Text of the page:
Arhoolie's first release in 1960 was Mance Lipscomb's Texas Sharecropper And Songster, which Strachwitz recorded the previous year during a trip across the South with British blues scholar Paul Oliver. Strachwitz and his wife Alice stuffed the albums into the jackets themselves until they had 250 copies ready for sale.
The basis of the label's catalog became Strachwitz's numerous field recordings of blues, gospel and zydeco musicians mainly from Texas, Louisiana and Mississippi, including artists such as Chenier, Hopkins, McDowell, and Bukka White.
"I became a pretty good detective," says Strachwitz, who explains that his techniques for finding musicians ranged from consulting old phone books to striking up conversations with men shooting craps on the sidewalk.
The financial foundation of the label, with 10 employees, has become Tradition Music Co., its publishing unit. Country Joe McDonald's "I-Feel-Like-I'm-Fixin'-To-Die Rag" provided the down payment on the building that houses Arhoolie and the Down Home Music Store, the label's specialty retail unit. Other important titles in the Tradition catalog include K.C. Douglas' "Mercury Blues," which has been covered by Steve Miller and Alan Jackson, and McDowell's songs "You Gotta Move" and "Kokomo Blues," which have been covered by the Rolling Stones and Bonnie Raitt, respectively.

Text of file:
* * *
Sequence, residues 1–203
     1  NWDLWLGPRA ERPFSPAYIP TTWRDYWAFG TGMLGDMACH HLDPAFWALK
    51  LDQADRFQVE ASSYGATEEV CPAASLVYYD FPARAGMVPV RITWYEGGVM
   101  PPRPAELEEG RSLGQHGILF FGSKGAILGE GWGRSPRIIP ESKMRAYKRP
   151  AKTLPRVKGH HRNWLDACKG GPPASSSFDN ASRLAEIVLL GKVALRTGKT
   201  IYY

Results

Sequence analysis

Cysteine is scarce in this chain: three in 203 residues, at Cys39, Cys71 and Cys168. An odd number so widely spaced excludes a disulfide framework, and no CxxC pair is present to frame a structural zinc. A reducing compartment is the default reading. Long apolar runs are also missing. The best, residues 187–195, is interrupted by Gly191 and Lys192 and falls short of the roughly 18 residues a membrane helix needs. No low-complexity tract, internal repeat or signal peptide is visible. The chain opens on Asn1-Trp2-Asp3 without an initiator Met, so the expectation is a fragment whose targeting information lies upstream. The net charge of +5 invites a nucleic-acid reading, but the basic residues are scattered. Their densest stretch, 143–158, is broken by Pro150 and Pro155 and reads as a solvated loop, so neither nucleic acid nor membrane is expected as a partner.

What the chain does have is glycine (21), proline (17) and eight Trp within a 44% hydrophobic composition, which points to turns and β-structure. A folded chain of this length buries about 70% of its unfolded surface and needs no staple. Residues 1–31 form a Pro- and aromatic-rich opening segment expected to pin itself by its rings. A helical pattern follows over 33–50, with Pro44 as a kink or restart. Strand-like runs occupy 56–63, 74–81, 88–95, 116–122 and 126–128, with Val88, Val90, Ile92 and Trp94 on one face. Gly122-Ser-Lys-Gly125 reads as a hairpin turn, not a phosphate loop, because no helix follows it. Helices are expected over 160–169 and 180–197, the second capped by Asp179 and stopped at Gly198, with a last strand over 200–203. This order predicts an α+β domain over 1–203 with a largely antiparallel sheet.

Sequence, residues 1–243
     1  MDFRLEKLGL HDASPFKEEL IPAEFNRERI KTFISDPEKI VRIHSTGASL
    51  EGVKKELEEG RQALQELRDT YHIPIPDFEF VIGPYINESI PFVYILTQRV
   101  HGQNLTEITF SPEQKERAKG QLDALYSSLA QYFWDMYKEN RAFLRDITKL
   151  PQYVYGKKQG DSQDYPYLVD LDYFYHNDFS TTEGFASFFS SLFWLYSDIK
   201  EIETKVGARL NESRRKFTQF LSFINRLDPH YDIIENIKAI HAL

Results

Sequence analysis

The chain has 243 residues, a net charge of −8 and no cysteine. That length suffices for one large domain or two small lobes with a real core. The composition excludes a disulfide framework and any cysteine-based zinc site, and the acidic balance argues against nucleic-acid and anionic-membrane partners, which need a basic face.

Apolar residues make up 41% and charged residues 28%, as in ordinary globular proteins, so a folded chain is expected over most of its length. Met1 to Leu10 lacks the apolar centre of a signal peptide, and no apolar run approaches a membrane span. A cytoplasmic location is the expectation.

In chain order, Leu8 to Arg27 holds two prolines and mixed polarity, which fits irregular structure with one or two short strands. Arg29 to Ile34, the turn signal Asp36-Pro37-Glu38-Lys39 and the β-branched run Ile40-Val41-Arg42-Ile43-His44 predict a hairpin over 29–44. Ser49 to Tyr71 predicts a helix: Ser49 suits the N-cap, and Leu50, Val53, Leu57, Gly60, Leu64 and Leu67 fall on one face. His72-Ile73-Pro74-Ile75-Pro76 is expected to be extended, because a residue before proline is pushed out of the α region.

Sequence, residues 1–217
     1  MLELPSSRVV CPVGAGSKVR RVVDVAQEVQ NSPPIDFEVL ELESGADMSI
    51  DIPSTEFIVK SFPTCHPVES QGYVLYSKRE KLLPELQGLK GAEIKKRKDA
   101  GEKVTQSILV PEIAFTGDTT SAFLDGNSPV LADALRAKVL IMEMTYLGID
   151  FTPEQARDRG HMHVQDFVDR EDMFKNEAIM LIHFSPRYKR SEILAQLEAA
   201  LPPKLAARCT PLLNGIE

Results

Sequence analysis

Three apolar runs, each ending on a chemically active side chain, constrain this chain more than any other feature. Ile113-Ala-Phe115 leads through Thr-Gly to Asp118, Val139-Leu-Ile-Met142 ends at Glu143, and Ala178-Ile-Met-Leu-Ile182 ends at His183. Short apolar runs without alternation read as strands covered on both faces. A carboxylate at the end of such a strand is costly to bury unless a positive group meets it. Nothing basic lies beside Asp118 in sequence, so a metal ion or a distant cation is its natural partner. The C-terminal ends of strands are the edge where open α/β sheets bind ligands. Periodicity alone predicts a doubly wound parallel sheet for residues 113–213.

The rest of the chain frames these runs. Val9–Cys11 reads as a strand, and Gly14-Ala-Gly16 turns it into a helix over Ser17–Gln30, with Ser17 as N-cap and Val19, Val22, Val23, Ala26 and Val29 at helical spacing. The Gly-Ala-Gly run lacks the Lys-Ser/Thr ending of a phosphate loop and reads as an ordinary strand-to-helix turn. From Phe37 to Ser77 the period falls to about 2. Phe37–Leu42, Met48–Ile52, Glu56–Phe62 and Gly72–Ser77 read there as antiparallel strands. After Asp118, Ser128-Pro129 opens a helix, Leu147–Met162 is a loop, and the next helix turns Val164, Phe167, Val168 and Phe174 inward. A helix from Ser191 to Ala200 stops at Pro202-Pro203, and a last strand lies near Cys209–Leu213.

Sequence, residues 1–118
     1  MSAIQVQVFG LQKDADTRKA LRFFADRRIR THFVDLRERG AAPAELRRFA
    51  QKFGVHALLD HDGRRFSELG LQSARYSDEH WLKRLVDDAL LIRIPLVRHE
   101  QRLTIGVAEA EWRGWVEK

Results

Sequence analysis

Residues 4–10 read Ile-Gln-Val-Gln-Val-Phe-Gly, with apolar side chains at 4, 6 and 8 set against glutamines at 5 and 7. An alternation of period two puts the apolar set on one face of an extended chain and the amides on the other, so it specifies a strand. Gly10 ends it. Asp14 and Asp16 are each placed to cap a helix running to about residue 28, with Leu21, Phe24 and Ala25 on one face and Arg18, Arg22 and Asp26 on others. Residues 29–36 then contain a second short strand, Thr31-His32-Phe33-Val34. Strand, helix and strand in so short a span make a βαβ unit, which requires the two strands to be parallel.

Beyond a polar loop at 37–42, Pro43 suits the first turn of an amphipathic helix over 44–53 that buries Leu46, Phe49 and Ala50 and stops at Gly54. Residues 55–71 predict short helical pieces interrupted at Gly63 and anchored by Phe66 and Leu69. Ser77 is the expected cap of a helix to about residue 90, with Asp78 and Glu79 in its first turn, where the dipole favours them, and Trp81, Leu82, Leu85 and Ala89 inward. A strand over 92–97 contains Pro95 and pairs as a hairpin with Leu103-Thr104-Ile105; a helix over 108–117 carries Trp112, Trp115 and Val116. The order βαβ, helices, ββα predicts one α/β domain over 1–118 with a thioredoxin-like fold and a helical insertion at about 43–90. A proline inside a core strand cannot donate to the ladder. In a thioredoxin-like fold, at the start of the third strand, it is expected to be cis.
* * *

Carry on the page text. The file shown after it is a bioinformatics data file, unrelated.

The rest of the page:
And what happened to the thousands of recordings Strachwitz collected?
They are the primary asset of the Arhoolie Foundation. The foundation's current chief project is the cataloging and digitalization of the Chris Strachwitz Frontera Collection, Strachwitz's cache of approximately 17,000 Mexican-American and Mexican vernacular recordings, with the ultimate goal of making them available for listening through the UCLA library system.
As Arhoolie and Alligator are poised to forge ahead amid an evolving music industry landscape, what keeps them motivated and committed to their labels?
"It's because I can bring to the public music I truly love — music that moves me, music that fulfills deep emotional needs and music that is also often very fun to listen to," explains Iglauer.
Strachwitz says simply, "I love it."
(Dave Helland became interested in roots music through his acquaintance with Harry Oster at the University of Iowa.)